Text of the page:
What Cord Needed to Stream from Canon Vixia HV30 camcorder to laptop

Tecaquitha

Novice Member
I want to stream my recorded video from the camcorder to my laptop. What cord do I need to do that
I have a Firewire DV cable 6-4 P DV but my laptop doesn't have a port for that.
I just ordered the IFC 300 PCU USB cable, but then read a post from 2006 that said that cord is only for still shots.
I also tried HDMI cord, but the laptop didn't seem to recognize the camcorder as a device.
Any help here? Can I get an adapter for the Firewire? Maybe so I can plug it into my 15-pin VGA?
THANKS for any advice
 

noiseboy72

Distinguished Member
Sorry, none of those options will work. Firewire needs a specific socket on the laptop and can only be retrofitted if you have an older laptop with an Express Card 34 slot available. USB to Firewire won't work.

Your camcorder can only output still images via USB, not live video.

HDMI on your laptop is an output, not input, as is the VGA port.

Your only options are to buy a camera that will stream via USB - lots of the Canon DSLRs will do this, or use a USB Video capture device and use the composite video output from the camcorder. This will look very poor compared to current web cams and cameras that can output 1080p.
 

Tecaquitha

Novice Member
Sorry, none of those options will work. Firewire needs a specific socket on the laptop and can only be retrofitted if you have an older laptop with an Express Card 34 slot available. USB to Firewire won't work.

Your camcorder can only output still images via USB, not live video.

HDMI on your laptop is an output, not input, as is the VGA port.

Your only options are to buy a camera that will stream via USB - lots of the Canon DSLRs will do this, or use a USB Video capture device and use the composite video output from the camcorder. This will look very poor compared to current web cams and cameras that can output 1080p.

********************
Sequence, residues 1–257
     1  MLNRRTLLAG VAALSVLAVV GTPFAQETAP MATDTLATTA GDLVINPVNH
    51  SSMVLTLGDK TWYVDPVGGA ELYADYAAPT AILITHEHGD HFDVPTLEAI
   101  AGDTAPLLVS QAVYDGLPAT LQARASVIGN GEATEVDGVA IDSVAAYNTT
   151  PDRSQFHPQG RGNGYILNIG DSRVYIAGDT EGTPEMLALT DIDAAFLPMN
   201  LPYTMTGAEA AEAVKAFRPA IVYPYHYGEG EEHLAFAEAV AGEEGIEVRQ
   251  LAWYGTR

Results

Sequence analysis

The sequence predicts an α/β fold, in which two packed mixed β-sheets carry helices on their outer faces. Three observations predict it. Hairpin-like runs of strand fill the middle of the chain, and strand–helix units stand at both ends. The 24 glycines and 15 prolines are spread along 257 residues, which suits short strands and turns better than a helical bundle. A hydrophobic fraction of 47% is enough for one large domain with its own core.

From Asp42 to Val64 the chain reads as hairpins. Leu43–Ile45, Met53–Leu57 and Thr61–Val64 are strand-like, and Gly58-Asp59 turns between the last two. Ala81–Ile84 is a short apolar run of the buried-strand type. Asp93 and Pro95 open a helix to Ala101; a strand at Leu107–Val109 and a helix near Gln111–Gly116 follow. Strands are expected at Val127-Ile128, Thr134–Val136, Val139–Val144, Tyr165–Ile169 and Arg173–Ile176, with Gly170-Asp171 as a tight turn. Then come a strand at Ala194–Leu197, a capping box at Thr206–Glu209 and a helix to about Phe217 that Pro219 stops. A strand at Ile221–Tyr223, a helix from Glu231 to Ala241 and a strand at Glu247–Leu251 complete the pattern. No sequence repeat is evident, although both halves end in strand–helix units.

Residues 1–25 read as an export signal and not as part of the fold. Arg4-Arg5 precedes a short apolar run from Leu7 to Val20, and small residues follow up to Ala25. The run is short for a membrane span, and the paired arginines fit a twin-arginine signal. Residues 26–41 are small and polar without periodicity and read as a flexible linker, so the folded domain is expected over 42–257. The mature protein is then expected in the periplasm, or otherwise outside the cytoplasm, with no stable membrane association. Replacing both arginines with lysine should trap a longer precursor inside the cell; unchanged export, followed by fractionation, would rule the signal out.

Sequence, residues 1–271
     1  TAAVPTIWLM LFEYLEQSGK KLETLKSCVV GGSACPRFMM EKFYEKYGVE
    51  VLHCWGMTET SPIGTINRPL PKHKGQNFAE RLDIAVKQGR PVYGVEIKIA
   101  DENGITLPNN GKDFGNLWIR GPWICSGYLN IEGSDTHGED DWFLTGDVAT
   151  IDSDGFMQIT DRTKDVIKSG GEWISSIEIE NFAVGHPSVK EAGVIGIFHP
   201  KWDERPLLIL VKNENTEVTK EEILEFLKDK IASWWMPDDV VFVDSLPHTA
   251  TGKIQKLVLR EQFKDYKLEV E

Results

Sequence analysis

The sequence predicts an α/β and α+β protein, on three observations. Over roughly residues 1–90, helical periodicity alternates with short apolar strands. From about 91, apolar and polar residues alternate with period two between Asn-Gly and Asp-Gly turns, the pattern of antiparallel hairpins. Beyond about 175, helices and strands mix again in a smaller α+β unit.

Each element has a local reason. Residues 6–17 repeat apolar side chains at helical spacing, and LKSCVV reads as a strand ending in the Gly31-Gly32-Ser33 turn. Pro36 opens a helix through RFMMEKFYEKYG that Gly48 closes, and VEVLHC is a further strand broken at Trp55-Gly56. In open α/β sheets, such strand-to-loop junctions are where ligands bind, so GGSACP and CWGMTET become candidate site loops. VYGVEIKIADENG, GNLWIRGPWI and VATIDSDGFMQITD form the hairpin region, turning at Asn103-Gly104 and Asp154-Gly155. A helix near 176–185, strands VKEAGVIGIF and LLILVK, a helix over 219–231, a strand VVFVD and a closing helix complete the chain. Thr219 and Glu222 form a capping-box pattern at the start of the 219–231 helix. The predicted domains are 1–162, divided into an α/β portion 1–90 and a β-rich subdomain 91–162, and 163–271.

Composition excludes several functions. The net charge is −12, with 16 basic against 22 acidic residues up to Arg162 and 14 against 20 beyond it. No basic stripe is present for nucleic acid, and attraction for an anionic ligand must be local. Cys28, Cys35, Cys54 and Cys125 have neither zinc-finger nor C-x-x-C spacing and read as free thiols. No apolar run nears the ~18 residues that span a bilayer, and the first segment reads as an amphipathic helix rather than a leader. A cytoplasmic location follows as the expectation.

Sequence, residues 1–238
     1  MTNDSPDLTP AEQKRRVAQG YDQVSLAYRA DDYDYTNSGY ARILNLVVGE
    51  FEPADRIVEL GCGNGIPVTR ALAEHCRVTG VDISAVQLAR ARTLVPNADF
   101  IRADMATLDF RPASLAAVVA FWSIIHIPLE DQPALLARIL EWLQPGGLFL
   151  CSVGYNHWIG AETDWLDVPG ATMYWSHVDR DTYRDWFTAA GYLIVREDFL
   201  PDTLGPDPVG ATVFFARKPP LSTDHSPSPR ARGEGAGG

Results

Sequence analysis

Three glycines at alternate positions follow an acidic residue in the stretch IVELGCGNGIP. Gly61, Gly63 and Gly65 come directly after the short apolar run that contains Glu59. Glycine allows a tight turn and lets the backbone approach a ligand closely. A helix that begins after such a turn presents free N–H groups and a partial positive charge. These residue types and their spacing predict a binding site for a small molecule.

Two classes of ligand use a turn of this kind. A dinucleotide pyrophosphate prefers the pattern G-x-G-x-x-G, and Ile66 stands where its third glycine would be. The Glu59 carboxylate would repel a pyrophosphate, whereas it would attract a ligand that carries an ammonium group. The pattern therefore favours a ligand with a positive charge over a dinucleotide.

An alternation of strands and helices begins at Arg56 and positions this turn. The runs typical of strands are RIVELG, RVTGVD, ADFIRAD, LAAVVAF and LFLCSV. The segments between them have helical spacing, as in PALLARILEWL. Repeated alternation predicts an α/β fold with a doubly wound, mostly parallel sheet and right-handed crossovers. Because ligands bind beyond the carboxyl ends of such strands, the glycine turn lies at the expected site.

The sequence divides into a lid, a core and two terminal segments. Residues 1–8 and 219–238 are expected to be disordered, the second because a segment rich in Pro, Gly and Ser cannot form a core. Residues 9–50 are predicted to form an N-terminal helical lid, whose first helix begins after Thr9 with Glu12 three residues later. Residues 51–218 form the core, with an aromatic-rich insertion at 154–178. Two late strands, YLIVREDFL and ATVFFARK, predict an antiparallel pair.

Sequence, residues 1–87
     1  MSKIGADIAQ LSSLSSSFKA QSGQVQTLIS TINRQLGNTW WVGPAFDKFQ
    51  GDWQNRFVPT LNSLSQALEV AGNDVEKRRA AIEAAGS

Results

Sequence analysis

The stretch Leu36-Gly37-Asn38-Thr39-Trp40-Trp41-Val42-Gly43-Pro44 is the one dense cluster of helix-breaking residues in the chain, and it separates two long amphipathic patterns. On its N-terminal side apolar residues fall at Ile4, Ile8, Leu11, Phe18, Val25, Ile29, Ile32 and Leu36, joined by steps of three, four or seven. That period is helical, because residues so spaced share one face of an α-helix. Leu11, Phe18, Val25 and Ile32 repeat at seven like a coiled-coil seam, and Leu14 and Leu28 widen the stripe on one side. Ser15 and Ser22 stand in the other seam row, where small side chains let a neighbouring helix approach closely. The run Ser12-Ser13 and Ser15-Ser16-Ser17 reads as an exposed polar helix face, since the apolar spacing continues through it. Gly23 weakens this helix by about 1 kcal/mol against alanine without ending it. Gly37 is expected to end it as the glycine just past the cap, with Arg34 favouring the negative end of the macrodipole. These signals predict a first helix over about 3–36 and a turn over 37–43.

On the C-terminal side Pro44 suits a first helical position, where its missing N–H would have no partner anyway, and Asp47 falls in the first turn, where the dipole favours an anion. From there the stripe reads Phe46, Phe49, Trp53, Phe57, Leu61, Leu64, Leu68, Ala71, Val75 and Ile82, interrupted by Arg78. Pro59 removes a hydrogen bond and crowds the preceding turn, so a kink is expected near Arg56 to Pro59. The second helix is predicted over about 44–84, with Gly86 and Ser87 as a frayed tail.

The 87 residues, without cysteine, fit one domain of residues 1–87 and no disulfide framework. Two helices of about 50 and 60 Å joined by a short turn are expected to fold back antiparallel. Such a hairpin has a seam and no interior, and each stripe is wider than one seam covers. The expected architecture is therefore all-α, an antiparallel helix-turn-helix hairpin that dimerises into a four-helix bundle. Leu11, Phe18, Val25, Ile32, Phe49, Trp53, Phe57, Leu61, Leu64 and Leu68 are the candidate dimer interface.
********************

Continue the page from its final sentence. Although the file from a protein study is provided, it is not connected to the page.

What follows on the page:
Thanks. Guess I need to hunt down an older laptop. I have a Latitude E6430 but it doesn't have the socket. I have old footage on several DV tapes I wanted to record/digitize via OBS Studio, so I can't buy another camera for that. Thanks for your thorough explanations!
 

Terfyn

Well-known Member
Your only options are to buy a camera that will stream via USB - lots of the Canon DSLRs will do this, or use a USB Video capture device and use the composite video output from the camcorder. This will look very poor compared to current web cams and cameras that can output 1080p.
Very true.
An alternative option is to buy a conventional PC. Or to buy a card based camcorder.

I had exactly the same problem with my HV20. My dealer fitted a FireWire card to my new PC tower and the problem was solved.
Now I use card based camcorders and, again, the problem is solved. Reason:- I was worried about wear on the tape based mechanism in the HV20. The plus is that you would not need to worry about timecode as the camera will put every shot into its own file. This makes setting up for an edit really easy.
 

Tecaquitha

Novice Member
Very true.
An alternative option is to buy a conventional PC. Or to buy a card based camcorder.

I had exactly the same problem with my HV20. My dealer fitted a FireWire card to my new PC tower and the problem was solved.